Cumulative Rates of Recovery for Patients With Borderline Personality Disorder and Comparison Subjects With Other Axis II Disorders Over 16 Years of Prospective Follow-Up
| Add to My POL
|Follow-Up Evaluation and Remission Rate (%)|
|Duration of Recovery and Group||2-Year||4-Year||6-Year||8-Year||10-Year||12-Year||14-Year||16-Year|
| Borderline personality disorder||14||27||36||43||47||50||56||60|
| Other personality disorder||51||67||71||77||84||85||85||85|
| Borderline personality disorder||12||24||33||40||44||46||54|
| Other personality disorder||47||63||67||70||77||82||82|
| Borderline personality disorder||12||23||31||37||41||44|
| Other personality disorder||43||59||63||68||74||80|
| Borderline personality disorder||11||21||28||35||40|
| Other personality disorder||42||57||59||64||75|
Comparative data pertaining to time to remissions and recoveries lasting at least 2 years over the course of the 16 years of follow-up are presented in Figure 1.
Time to Remissions and Recoveries Lasting at Least 2 Years Among Patients With Borderline Personality Disorder and Comparison Subjects With Other Axis II Disorders
Data on time to loss of recovery for those in both study groups are presented in Table 4. For borderline patients, these cumulative losses over the course of the 16-year follow-up ranged from 20% for a recovery lasting 8 years to 44% for a recovery lasting 2 years. For axis II comparison subjects, these cumulative losses were 28% for a recovery lasting 2 years and 9% for a recovery lasting 8 years. These between-group differences, while substantial, were not statistically significant.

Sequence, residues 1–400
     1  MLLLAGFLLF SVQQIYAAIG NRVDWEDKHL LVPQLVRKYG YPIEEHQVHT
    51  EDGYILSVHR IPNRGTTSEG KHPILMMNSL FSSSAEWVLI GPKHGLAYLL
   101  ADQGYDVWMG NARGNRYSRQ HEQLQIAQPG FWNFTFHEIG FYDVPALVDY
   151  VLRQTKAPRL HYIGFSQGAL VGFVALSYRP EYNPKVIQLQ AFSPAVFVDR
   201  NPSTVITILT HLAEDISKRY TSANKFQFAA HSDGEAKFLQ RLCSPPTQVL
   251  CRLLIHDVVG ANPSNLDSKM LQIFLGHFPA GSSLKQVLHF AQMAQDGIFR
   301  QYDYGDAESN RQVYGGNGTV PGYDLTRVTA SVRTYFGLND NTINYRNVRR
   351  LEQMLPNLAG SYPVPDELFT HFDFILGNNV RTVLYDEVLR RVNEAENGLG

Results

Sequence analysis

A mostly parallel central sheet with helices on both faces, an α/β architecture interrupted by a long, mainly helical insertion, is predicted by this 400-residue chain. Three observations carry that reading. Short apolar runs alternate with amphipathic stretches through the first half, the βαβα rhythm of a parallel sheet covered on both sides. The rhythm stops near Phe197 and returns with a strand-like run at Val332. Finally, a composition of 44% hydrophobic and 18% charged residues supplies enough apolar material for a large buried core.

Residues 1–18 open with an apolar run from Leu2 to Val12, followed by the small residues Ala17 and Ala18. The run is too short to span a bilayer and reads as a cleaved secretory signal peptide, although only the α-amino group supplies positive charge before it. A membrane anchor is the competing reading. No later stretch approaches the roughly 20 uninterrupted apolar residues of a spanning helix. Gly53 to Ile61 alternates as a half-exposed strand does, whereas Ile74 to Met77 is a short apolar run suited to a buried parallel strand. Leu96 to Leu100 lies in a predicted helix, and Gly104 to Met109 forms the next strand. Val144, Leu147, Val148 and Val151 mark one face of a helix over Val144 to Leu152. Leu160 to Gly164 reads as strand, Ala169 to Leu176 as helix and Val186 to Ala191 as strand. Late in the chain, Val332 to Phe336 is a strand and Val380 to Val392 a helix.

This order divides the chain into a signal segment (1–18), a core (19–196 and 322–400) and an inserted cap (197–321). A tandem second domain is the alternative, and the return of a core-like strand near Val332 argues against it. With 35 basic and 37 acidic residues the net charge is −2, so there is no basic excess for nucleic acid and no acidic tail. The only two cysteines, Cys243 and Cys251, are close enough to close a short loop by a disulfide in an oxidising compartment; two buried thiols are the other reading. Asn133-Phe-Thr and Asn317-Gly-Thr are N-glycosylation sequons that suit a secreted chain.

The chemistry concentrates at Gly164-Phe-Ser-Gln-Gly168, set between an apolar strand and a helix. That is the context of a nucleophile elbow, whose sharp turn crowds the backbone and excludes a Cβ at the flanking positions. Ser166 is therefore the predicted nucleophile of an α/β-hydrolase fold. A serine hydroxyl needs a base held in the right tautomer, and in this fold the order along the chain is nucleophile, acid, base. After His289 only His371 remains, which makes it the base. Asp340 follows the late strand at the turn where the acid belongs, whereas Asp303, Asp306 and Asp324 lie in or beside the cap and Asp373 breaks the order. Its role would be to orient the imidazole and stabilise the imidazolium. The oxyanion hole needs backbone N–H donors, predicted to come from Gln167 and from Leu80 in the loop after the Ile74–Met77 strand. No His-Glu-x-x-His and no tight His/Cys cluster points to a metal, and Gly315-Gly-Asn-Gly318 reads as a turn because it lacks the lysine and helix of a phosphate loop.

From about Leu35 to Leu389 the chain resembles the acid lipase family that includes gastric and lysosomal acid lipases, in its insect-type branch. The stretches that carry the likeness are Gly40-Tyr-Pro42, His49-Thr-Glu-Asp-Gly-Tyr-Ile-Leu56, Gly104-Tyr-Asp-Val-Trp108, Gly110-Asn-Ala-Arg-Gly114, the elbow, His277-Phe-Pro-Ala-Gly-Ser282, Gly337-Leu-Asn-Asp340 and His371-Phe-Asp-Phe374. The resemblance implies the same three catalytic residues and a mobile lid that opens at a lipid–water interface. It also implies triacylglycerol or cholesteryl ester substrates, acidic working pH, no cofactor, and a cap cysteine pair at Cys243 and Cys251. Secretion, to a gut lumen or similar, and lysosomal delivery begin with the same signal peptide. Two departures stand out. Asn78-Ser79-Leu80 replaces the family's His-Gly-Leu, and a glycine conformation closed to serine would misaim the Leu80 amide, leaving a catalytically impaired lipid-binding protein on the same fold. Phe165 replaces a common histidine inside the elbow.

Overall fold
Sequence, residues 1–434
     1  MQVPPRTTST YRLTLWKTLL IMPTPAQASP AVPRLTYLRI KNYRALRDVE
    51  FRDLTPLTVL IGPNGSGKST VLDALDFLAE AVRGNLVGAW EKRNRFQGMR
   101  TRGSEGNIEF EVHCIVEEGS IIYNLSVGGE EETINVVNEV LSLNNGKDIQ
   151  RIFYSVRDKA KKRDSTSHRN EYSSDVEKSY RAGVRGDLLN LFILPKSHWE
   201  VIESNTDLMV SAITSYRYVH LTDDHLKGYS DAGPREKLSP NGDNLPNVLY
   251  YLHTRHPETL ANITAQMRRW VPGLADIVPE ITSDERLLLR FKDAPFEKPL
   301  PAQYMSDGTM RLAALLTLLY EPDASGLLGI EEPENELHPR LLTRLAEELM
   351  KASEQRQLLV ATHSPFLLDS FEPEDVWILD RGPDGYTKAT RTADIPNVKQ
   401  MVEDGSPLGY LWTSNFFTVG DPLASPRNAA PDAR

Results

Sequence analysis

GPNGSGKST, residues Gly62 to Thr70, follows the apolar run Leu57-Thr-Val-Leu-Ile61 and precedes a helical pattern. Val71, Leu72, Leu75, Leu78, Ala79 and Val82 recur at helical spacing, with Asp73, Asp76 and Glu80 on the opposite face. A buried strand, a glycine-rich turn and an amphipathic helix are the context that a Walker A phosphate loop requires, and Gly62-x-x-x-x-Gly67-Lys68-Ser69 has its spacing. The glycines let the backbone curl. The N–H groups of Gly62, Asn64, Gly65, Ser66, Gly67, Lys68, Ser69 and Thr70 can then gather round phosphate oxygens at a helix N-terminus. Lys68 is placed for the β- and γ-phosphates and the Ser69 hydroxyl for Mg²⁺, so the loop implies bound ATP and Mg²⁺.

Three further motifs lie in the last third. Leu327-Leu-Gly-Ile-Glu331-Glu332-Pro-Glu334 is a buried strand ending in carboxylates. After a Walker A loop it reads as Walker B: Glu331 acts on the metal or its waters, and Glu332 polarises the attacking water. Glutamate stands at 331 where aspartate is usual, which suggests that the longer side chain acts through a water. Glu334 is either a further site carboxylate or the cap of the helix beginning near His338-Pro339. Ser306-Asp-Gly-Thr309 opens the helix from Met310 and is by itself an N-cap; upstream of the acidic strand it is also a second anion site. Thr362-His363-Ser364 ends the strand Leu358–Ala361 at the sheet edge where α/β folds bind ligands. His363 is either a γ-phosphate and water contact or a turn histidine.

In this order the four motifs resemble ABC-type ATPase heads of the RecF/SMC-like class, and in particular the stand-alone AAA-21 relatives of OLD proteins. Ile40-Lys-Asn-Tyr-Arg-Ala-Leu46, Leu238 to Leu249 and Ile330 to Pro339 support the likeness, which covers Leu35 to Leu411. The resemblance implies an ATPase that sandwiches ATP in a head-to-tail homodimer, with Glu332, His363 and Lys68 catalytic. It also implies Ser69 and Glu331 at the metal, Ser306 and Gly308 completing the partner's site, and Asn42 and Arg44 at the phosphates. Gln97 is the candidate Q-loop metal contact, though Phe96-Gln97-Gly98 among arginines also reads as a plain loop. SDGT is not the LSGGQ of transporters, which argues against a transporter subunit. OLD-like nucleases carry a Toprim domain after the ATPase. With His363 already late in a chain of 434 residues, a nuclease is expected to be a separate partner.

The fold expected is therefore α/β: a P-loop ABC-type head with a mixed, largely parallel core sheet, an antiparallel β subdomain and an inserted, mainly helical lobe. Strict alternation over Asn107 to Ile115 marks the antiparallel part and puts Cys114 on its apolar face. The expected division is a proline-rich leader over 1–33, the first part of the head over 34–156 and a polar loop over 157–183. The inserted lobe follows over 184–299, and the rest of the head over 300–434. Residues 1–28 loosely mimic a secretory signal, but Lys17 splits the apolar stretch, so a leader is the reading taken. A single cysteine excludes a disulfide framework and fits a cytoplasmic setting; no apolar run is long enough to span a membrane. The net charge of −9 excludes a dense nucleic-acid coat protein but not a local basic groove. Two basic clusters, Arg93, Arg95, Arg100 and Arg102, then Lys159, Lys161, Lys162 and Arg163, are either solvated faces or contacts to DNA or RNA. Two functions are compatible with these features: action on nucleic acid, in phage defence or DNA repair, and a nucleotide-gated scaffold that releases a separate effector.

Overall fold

Cumulative Rates of Loss of Recovery for Patients With Borderline Personality Disorder and Comparison Subjects With Other Axis II Disorders Over 16 Years of Prospective Follow-Up
| Add to My POL
|Years After First Recovery (Percent Rate)|
|Duration of Recovery and Group||2 Years||4 Years||6 Years||8 Years||10 Years||12 Years||14 Years|
| Borderline personality disorder||18||25||32||34||37||39||44|
| Other personality disorder||9||17||21||23||28||28||28|
| Borderline personality disorder||8||16||19||23||26||32|
| Other personality disorder||8||12||15||20||20||20|
| Borderline personality disorder||8||12||17||19||26|
| Other personality disorder||5||7||13||13||13|
| Borderline personality disorder||4||9||12||20|
| Other personality disorder||3||9||9||9|
The cumulative rates of remissions and recoveries lasting 2 or 8 years and subsequent loss of remission or recovery after 16 years of prospective follow-up are shown in Figure 2.
Cumulative Rates of Remissions and Recoveries Lasting 2 or 8 Years and Subsequent Loss of Remission or Recovery After 16 Years of Prospective Follow-Up Among Patients With Borderline Personality Disorder and Comparison Subjects With Other Axis II Disorders